In response, Ramah contends that the government’s fear is unwarranted. See Brief for Respondent at 52–53. First, Ramah asserts that there are requirements in place to restrict agencies from exhausting appropriations. See 52. Secondly, it argues that Congress has tools available to remedy the underfunding, which (in Ramah’s view) is the issue in this case. See id. at 52–53. For example, it maintains that Congress could modify the ISDA itself in a way that limited the financial burden placed on agencies, either by restricting their CSC payment obligations or by reworking the ways in which agencies enter into contracts with tribal organizations. See 53. Similarly, Ramah asserts that Congress could end the self-determination contracts in favor of non-binding agreements or provide sufficient funding to cover all contracts. See id. Because Congress failed to use any of these tools and maintained the ISDA in its current form (with its mandatory CSC requirements), Ramah argues that the Tenth Circuit’s ruling should be upheld, and the Court should require the government to cover all individual contract expenditures. See id.

The Government as a Trade Partner

The government argues that it was not obligated to pay CSCs in the first place beyond its appropriations, and is thereby relieved it of those contractual obligations. See Brief for Petitioner at 43–45. It contends that under the ISDA’s terms, providing sufficient CSC appropriations is discretionary. See 45. The government asserts that there was no contract requiring it to pay Ramah without regard to available appropriations. See 43–44. It argues that Ramah and other tribes had the opportunity to decide whether to contract with the government on the terms offered in the ISDA. See id. at 43–46.

The Chamber of Commerce argues that a holding in favor of the government would have a detrimental effect on the Government’s reliability as a partner in contract. See Brief of Amicus Curiae Chamber of Commerce of the United States of America et al. in Support of Respondent at 22–24. Specifically, the Chamber argues that relieving the government of CSC payments would allow it to escape its obligations despite its promise to perform. See 23. The Chamber maintains that this would hurt not only parties that have already relied on government appropriations, but also future contracts with the government. See 24. It argues that government contracts would become harder to form as a result of funding uncertainties and that the government’s reputation as a reliable trade partner would suffer. See Id.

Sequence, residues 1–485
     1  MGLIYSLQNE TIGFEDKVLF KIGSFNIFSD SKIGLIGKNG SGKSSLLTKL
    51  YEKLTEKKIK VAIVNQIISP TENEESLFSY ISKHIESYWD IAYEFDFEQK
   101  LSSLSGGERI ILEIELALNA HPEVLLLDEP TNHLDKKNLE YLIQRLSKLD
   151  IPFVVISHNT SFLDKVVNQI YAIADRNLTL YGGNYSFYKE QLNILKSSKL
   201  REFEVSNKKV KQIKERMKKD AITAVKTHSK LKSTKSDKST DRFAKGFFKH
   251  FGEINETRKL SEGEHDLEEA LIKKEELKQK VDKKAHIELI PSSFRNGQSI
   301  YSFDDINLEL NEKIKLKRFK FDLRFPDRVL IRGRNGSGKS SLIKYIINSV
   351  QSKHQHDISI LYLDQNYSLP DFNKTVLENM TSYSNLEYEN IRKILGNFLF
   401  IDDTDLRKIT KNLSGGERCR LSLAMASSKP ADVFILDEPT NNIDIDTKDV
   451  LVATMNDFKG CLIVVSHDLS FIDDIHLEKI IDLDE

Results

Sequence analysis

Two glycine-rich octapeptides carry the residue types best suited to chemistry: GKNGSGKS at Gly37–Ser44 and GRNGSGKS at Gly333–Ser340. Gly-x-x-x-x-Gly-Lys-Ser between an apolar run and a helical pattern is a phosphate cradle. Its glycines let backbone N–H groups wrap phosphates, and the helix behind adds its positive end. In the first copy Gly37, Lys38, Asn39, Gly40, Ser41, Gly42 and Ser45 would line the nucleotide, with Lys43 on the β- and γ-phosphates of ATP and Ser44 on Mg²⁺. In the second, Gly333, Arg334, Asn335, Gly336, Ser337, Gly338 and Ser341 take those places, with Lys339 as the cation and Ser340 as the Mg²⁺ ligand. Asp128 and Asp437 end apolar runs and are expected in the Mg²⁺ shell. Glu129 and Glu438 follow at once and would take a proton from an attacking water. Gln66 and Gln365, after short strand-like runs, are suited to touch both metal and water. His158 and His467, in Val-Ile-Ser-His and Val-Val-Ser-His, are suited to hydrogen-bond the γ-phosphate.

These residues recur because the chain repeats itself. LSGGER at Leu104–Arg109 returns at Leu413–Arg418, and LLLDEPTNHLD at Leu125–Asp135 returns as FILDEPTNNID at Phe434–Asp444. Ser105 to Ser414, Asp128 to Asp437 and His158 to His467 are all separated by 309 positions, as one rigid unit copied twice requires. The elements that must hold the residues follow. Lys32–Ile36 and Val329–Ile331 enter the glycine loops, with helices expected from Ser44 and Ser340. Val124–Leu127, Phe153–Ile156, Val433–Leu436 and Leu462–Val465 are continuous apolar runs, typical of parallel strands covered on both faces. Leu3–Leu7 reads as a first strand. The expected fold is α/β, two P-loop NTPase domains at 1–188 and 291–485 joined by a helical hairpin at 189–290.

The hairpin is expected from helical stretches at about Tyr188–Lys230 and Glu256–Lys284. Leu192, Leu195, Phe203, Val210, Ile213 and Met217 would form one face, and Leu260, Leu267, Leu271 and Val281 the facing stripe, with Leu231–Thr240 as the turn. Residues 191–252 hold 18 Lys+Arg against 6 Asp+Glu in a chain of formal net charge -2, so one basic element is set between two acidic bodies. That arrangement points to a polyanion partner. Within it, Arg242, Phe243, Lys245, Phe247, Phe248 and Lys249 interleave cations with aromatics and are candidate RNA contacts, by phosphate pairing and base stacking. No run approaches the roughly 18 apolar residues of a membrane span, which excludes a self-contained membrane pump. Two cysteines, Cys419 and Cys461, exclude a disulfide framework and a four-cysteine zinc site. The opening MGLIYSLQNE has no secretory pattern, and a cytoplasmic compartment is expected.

In this case, the Supreme Court will determine under what circumstances the government must reimburse Indian tribes and tribal organizations for the costs associated with implementing ISDA programs. The governmentargues that agencies should be bound to cover CSCs only when the available Congressional appropriations cover all ISDA self-determination contracts. Ramah contends that the CSC funding applies when there is sufficient funding for the individual contract at issue, regardless of whether there is funding for all contracts taken as a whole. The Supreme Court’s decision will affect Congress’s ability to curtail federal spending and the Government’s ability to function as a trade partner.


The authors would like to thank former Supreme Court Reporter of Decisions Frank Wagner for his assistance in editing this preview.